When he lets go, the quill falls to the floor. It leaves an unsightly gash over the canvas, a tear of black across James’ forehead. A lightning bolt.
~Yet in these thoughts, myself almost despising~
Severus can feel Harry treading in the corners of his mind the moment he opens the door to his classroom. It’s an instinct more than anything, a feeling crawling up the back of his neck as he turned and saw Potter there, bent over his pensieve, staring into the mixture of memory, hate, and humiliation.
Harry’s hair is dripping wildly over his forehead and ears and Severus thinks it would need to be trimmed just slightly in order for it to look like—
Severus steels himself and stalks over to Harry, clenching his fingers around his arm.
There is a moment – one he will regret later that night as he is thrashing in his bed sheets, unable to sleep – when Severus turns, looks, for just a moment, into the swirling grey-green mist. He sees the scene, clearer than it ought to be, and sees James there with a twisting smirk over his lips. His face is so much brighter in the memory than in the painting, but in both cases, Severus is only allowed to look and long.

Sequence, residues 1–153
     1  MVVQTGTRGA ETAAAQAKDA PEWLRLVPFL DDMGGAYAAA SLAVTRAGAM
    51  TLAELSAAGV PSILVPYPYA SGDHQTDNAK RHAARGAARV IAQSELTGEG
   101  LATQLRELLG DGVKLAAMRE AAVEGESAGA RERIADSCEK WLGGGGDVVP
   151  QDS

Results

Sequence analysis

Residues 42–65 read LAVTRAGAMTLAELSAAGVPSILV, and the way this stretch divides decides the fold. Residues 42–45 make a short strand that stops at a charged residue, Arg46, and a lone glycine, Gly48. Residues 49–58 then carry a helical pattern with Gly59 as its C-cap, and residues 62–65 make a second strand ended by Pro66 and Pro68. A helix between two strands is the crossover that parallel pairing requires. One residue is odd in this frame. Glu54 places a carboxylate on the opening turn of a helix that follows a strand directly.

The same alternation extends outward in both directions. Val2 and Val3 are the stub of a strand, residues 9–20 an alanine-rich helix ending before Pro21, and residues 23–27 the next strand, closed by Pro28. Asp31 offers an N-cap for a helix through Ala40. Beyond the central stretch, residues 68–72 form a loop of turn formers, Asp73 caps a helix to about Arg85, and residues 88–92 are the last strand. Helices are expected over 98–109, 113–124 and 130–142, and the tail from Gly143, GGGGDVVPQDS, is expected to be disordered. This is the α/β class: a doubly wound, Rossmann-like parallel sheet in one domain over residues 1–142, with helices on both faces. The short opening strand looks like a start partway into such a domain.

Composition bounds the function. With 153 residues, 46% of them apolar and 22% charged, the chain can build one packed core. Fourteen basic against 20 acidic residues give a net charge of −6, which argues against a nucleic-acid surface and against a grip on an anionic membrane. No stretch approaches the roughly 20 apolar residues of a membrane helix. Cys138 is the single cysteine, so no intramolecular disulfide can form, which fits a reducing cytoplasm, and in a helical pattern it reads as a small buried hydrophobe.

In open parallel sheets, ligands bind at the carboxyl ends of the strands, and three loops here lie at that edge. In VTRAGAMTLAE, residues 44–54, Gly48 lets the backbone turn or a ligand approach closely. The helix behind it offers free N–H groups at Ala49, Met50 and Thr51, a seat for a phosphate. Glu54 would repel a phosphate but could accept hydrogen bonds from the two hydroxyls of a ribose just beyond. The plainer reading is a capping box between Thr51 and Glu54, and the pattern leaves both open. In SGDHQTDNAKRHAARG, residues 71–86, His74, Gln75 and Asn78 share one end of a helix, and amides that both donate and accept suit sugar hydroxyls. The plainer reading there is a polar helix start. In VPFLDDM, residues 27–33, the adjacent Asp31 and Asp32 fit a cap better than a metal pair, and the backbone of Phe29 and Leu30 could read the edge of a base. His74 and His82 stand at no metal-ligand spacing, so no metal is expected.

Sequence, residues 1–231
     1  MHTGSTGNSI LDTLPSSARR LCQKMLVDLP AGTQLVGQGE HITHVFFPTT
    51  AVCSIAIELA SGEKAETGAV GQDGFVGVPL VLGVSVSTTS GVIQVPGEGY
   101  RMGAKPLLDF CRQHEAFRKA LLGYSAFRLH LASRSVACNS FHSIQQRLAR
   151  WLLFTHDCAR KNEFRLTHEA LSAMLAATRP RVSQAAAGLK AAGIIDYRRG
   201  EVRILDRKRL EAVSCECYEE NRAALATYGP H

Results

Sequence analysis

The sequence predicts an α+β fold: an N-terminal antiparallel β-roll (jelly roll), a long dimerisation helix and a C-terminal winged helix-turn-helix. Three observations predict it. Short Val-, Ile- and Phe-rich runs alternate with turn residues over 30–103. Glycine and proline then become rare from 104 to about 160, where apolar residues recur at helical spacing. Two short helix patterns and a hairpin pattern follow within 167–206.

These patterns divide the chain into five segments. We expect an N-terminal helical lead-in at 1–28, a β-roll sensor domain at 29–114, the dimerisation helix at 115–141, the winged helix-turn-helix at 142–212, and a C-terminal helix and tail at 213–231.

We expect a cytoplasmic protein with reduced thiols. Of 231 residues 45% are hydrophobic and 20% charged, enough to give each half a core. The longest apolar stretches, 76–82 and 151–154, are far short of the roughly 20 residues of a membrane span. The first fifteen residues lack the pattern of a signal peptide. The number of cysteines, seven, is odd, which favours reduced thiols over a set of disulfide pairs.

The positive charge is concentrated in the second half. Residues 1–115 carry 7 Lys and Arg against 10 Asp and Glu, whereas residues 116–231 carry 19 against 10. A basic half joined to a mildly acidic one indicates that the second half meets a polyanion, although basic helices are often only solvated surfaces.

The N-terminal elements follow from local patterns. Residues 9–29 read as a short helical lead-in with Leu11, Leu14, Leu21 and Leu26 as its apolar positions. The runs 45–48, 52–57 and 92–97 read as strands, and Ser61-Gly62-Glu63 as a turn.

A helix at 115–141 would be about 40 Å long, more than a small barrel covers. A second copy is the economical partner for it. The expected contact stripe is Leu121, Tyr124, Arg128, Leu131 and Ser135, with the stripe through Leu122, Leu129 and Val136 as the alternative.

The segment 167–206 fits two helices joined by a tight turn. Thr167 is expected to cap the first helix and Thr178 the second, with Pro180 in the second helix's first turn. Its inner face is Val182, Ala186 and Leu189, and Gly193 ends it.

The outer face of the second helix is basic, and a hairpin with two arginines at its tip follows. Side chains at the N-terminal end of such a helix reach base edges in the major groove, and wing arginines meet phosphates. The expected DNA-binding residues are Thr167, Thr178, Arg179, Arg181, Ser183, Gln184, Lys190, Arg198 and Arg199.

There is a second when James catches Severus’ gaze – the Severus of the past, the Severus that Snape wishes he could erase, the Severus he has tried to bury under layers of ashen heart and stoic demeanor. Severus sees his own face crumble like dust. James’ expression hurts more than any prank and Severus has to turn away, face white with something he hopes Harry will mistake for anger.
Potter just stares at him for a cold moment. The green of his eyes flashes like he has Snape all figured out.
~Haply I think on thee~
Everyone is gone now and the Shack has fallen into disrepair. There are new students, seventh years Severus remembers seeing in the Great Hall during mealtimes and first years he can sometimes pick out as sisters, brothers, cousins by hair color or posture.